I’ve done many amazing things in my life, but this was definitely a first for me. Let’s start by giving a piece of advice. Never plan on sleeping in the car while traveling through Morocco. It just won’t happen. The roads here are far beyond the curves of the West Virginian mountains. I remember thinking to myself: Okay! Lesson learned — you can’t sleep in the car.
I just finished up a week of traveling and I am exhausted. We arrived at the university around 4 am this morning, and I have been fighting a wicked cold.
Nonetheless, I didn’t let a cold get in my way of having a good time.
If you’ve ever been on a camel, the first thing that you notice is that they are really tall! I was cautious snapping pictures because one fall could surely be a broken bone. As we approached the desert, you start to see little sand dunes. Then, almost out of nowhere, you see huge dunes — comparable to mountains in the distance. Luckily for us, it wasn’t hot at all. I am not even sure that I broke a sweat. So, if you’re planning a trip, go towards the end of summer.
In fact, about an hour into our ride, I decided to take off the turban and just wear it as a scarf. By the way, this turban is one of my favorite things I have purchased while abroad. I bought it from a Woman’s Cooperative somewhere in the mountains of the south. The family I bought it from were half nomads. That means that they live half of the year in the mountains and the other half in a little town. I bought it for 80 DHS = 8 USD. It served me well when the wind picked up and along with it came some of the sand.
I would consider my friends and I extremely lucky. On the way into the camp, we got to stop and watch the sunset over the dunes. By this time, the city where we left our luggage was far out-of-sight, so it was just us, the camels, the dunes and the sun. We laughed on the way in, joking about our camels’ names but we also took a few minutes of pure silence to take in everything that we could. It was magical — heart warming.
After about two hours of riding, Peggy and I successfully arrived at the campsite. Behind our tents — which were huge and gorgeous by the way — there was a huge dune. It was comparable to a mountain. The dune was at a 45-degree angle too, so it was so steep. Many of my friends climbed to the top. I made it about halfway and couldn’t go any further. It was the hardest climb I have ever attempted. I made it up to where my friends Jordan and Kathryn were sitting then took a few minutes to catch my breath. Climbing up sand that steep is very difficult. Climbing sand alone is hard. You take one step then slide down further than where you began.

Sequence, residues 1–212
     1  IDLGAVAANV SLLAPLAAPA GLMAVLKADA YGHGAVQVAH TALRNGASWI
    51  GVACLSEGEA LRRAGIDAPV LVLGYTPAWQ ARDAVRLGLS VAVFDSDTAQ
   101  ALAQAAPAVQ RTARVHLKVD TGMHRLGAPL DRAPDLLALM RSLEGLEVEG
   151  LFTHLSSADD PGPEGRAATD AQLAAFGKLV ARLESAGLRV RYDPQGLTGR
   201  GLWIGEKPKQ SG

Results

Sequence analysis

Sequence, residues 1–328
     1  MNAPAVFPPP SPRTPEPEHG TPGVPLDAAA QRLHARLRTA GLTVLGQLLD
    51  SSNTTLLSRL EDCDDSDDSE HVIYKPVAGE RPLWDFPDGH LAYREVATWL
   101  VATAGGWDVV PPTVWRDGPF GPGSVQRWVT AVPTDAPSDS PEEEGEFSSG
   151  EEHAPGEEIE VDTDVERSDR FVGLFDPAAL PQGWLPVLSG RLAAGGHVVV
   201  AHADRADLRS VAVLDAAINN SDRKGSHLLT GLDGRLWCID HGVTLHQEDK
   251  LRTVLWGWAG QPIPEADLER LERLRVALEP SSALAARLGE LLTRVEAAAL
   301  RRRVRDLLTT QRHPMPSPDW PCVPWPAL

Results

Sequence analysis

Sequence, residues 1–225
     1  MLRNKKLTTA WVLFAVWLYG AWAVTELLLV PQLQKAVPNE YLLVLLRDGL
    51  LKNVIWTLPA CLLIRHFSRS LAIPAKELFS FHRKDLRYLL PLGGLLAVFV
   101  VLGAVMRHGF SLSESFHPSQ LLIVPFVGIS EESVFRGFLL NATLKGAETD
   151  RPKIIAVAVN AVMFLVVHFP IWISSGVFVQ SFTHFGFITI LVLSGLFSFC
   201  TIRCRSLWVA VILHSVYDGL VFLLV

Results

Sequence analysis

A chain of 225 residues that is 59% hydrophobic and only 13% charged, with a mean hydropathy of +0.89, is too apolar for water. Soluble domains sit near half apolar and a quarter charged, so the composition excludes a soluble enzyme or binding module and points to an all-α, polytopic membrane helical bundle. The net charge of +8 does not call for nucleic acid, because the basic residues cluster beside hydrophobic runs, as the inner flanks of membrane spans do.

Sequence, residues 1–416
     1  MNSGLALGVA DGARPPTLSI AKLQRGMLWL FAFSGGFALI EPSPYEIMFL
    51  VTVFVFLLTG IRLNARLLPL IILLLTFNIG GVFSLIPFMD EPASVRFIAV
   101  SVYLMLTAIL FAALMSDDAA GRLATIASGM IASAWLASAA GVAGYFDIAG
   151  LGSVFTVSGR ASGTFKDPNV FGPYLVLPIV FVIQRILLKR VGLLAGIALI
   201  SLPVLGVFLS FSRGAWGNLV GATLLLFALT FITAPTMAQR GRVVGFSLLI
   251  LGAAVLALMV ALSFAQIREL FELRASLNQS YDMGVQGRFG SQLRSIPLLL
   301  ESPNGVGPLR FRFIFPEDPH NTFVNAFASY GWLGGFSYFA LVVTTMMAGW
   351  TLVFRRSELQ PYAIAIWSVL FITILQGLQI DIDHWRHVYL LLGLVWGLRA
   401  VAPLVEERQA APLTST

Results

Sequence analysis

Soon dinner was ready. The nomad guides made us the most delicious chicken and vegetable tajine. A tajine is a dish cooked over the fire in a huge clay pot. It is often cooked for many, many hours. My table finished ours in no time then scavenged for more. It was the best meal I have had since arriving. After dinner, the guys broke out the drums and all listened to them play and then danced some around the fire.
After my stomach was full and I had time to digest, I decided that I would never be here again — so I needed to make it to the top of that sand dune. After about two hours of climbing on my hands and feet, I made it to the top. My shirt was twisted on me and I have pockets full of sand. Once I reached the top, I realized that it wasn’t the highest dune. So, I climbed solo for another hour along the ridge line of the dune. It was so peaceful. I was so high up that my campsite looked like tiny little specs. Hearing the sand shift was scary — but I felt totally safe, so I continued. I looked out over everything as far as the eye could see. I felt so close to the stars and the moon. About twenty miles out, I watched a lightning storm roll over a sea of light from a far off city. I could also see the Algerian border from my sanctuary in the sky. My heart was so full up on the dune. I sent messages up to the sky to my family and friends back home. Peaceful is an utter understatement.
About thirty minutes later, Jordan and Geoff caught up to me and we continued to scale the ridgeline until we were the highest thing in the desert. It was interesting because the side of the dune our camp would have been on was so warm, but you could lie back on the other side and the sand was cool to the touch. It was exactly like the cool, other side of the pillow. We sat on top of the world for at least an hour. We sat in silence some, and then told some jokes. Before we started our decent, we collected some sand in an empty water bottle we had. This sand is so fine and soft. It holds so many wonderful, wonderful memories for me. I’ll treasure it for a lifetime.
That night, I decided to sleep outside of the tent — under the stars. It was partly cloudy, but the stars we could see and the moon were so bright that it cast shadows of everything. You could see perfectly well without a flashlight, even at 1 AM. I awoke the next morning by one of the nomads walking through the tents saying, “Hello! Hello!” haha! Some took camels back, but a few of us stayed behind to sit on a dune and enjoy the sunrise.
After the sun was up, we loaded our stuff in a jeep, the climbed on top of the roof and zipped back to the city where we left our things. Going up and down big dunes on the roof of a jeep is just like riding a roller coaster.
The Sahara Desert is a dream for me — a dream that I’ve lived.
With much love,